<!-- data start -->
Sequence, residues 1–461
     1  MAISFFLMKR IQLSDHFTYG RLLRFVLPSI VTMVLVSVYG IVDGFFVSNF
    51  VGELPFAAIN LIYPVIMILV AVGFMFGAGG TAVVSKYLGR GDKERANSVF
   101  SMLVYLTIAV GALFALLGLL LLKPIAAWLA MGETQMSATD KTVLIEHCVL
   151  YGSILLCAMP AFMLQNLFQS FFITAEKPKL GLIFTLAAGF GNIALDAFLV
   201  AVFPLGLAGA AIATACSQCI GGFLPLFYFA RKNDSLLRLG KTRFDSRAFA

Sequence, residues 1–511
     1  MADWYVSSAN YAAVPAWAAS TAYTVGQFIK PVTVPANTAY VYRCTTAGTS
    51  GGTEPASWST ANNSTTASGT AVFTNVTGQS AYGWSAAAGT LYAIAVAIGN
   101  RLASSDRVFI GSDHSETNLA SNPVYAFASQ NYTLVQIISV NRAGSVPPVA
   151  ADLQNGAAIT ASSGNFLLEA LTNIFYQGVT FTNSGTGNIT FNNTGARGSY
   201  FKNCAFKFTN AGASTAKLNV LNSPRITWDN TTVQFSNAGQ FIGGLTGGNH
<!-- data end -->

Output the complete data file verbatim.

Sequence, residues 1–461
     1  MAISFFLMKR IQLSDHFTYG RLLRFVLPSI VTMVLVSVYG IVDGFFVSNF
    51  VGELPFAAIN LIYPVIMILV AVGFMFGAGG TAVVSKYLGR GDKERANSVF
   101  SMLVYLTIAV GALFALLGLL LLKPIAAWLA MGETQMSATD KTVLIEHCVL
   151  YGSILLCAMP AFMLQNLFQS FFITAEKPKL GLIFTLAAGF GNIALDAFLV
   201  AVFPLGLAGA AIATACSQCI GGFLPLFYFA RKNDSLLRLG KTRFDSRAFA

Sequence, residues 1–511
     1  MADWYVSSAN YAAVPAWAAS TAYTVGQFIK PVTVPANTAY VYRCTTAGTS
    51  GGTEPASWST ANNSTTASGT AVFTNVTGQS AYGWSAAAGT LYAIAVAIGN
   101  RLASSDRVFI GSDHSETNLA SNPVYAFASQ NYTLVQIISV NRAGSVPPVA
   151  ADLQNGAAIT ASSGNFLLEA LTNIFYQGVT FTNSGTGNIT FNNTGARGSY
   201  FKNCAFKFTN AGASTAKLNV LNSPRITWDN TTVQFSNAGQ FIGGLTGGNH